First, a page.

Dutch Woman Murdered, Baby Critically Injured

A Dutch national employed by the U.N. was found murdered in her rented home in Phnom Penh’s Chamkar Mon district Monday morning. Her 19-month-old daughter was injured in the attack and remained hospitalized in serious condition as of Monday evening.

Police arrived at the Tonle Bassac commune home of Daphna Beerdsen and her husband, Joris Oele, shortly after 9 a.m. yesterday, after the family’s nanny discovered the bloodied bodies and notified authorities.

No suspects have been identified and police are still searching for a motive, as there was no evidence of a robbery.

“The victim, Daphna Beerdsen, aged 31, was stabbed six times with a sharp metal weapon,” said Mom Sitha, Phnom Penh municipal foreign police chief.

Mr. Sitha said fluid samples had been taken from Daphna Beerdsen’s body to establish if she was raped, and that municipal, district and commune po­lice were cooperating on the case.

Police said there were no signs of forced entry at the family’s home, which lies in an alleyway off Norodom Boulevard and has razor wire and broken glass-topped fences.

The nanny, Srey Mom, told police the doors were locked as usual when she arrived to look after the 19-month-old yesterday morning.

Municipal police chief Chuon Sovann, who was present at the crime scene, declined to comment on the case.

Mr. Oele, who is employed by U.N. Habitat, had left Phnom Penh Sunday afternoon to coordinate a two-day workshop on climate change in Sihanoukville, according to Sok Vanna, U.N. Habitat’s program manager.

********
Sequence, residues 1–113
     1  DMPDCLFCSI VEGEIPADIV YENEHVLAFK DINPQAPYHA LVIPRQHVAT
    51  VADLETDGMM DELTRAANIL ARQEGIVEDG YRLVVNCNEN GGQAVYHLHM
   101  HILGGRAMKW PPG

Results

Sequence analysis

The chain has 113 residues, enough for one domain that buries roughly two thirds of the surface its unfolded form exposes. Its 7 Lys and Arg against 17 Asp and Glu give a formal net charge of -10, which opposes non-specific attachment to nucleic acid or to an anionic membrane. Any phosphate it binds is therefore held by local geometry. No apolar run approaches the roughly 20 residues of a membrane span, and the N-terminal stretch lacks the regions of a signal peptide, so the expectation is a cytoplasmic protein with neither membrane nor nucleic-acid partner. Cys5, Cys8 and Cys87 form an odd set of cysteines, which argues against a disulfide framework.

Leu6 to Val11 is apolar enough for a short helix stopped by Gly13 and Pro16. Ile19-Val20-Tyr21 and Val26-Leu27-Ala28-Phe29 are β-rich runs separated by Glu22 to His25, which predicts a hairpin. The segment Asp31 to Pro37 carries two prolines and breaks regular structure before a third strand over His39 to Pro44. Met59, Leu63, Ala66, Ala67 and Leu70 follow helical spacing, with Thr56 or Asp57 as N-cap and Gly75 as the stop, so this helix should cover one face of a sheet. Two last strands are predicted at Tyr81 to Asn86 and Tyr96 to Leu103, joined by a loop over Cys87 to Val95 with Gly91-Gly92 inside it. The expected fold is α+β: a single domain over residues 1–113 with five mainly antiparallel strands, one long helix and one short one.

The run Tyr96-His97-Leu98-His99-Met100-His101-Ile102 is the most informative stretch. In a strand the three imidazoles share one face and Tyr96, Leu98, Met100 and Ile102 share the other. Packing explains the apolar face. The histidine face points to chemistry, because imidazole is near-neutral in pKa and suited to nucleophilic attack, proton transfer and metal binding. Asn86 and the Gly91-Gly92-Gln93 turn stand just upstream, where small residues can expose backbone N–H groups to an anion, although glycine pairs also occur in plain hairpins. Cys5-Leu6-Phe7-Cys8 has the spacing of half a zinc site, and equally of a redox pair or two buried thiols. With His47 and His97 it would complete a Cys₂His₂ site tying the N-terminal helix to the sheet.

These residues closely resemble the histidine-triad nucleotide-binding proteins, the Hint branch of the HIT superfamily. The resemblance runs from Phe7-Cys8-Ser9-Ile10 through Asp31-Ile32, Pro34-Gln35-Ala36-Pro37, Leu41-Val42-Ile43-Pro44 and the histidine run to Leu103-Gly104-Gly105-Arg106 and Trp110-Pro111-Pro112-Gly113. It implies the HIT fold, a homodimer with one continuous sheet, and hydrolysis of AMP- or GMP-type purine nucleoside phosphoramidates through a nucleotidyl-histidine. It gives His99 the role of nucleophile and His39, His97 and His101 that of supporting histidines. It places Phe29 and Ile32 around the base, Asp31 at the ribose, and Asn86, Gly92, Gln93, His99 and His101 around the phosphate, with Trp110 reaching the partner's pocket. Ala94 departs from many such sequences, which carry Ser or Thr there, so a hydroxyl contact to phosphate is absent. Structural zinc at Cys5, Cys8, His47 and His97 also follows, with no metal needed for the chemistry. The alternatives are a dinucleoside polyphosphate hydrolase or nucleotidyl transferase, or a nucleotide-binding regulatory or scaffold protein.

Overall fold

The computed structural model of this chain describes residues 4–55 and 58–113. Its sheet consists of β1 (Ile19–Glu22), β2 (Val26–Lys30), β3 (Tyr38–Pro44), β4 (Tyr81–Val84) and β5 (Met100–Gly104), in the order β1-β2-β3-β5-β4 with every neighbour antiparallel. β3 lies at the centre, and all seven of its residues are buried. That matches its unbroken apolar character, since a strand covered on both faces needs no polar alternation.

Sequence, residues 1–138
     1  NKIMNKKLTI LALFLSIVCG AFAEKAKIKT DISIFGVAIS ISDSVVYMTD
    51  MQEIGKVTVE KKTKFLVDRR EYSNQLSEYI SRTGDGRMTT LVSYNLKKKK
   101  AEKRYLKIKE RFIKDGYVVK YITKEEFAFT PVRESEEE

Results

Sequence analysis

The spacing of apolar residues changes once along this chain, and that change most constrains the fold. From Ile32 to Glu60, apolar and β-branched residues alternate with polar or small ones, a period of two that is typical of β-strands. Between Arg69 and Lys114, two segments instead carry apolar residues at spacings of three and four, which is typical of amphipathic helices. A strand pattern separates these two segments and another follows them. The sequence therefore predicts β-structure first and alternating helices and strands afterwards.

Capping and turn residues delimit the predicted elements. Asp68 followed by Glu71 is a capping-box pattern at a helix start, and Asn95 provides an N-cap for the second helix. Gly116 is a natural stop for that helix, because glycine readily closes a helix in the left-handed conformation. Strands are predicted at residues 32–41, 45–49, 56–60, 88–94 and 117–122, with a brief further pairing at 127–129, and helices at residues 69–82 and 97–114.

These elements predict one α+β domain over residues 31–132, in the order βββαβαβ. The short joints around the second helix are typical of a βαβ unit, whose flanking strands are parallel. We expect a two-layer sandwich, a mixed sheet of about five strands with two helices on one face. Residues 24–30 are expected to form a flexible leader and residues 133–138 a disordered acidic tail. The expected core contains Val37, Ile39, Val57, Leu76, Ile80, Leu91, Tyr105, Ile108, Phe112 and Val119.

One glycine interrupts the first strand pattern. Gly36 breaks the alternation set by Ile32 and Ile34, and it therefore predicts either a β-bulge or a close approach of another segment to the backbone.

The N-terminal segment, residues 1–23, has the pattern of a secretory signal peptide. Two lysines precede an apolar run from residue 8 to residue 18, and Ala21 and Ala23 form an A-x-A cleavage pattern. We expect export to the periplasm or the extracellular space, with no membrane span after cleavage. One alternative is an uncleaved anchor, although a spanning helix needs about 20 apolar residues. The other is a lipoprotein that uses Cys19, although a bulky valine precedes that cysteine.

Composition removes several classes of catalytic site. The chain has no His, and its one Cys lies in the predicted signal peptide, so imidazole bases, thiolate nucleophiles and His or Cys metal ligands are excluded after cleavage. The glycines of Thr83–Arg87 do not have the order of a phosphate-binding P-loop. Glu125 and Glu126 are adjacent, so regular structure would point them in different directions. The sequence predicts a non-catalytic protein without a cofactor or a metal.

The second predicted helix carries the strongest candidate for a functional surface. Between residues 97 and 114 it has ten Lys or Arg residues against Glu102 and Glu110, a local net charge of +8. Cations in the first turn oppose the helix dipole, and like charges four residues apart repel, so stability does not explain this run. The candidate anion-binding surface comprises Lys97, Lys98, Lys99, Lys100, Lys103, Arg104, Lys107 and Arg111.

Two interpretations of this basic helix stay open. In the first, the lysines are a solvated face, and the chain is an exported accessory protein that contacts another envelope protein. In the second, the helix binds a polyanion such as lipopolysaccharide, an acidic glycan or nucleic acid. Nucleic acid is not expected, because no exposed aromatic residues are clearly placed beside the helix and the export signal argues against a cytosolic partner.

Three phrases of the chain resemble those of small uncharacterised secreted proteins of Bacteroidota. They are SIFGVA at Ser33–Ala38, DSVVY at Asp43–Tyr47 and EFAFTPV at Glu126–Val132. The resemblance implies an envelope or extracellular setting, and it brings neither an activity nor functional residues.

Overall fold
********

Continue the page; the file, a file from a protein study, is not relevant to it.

“Just this morning, we got the phone call that Joris had to return to Phnom Penh quickly, so I took him to get the taxi,” Mr. Vanna said.

“Now I am hearing the news.”

Mr. Vanna said that Daphna Beerdsen also worked for the U.N., but did not know in what capacity. Her profile on the social networking website LinkedIn says that she worked as a consultant to the U.N. in Phnom Penh.

Just after 1 p.m. yesterday, Mr. Oele returned to his home and was ushered by a representative of the British Embassy. The representative of the British Em­bassy, which provides consular assistance to Dutch nationals, declined to comment or be identified.

After about 50 minutes inside the home with police, Mr. Oele emerged and was escorted to a car and then driven to Kantha Bopha Hospital, where his infant daughter was being treated.

One doctor at the hospital, who declined to be named, confirmed that the child was alive at the hospital at 6:30 p.m.

He declined to comment on the severity or nature of the injuries, but said that Mr. Oele was trying to have his daughter airlifted to Bangkok.

Ou Pov, Tonle Bassac commune police chief, would only say last night that Daphna Beerdsen’s body had been re­moved from the home.

“With the agreement of the husband and a representative of the U.K. Embassy, the dead body was removed to the Kh­mer-Soviet Friendship Hos­pital at 5:30 p.m.,” he said.

Interior Ministry spokesman Khieu Sopheak referred all questions about the case to National Police spokesman Kirth Chanthirith, who could not be reached for comment.

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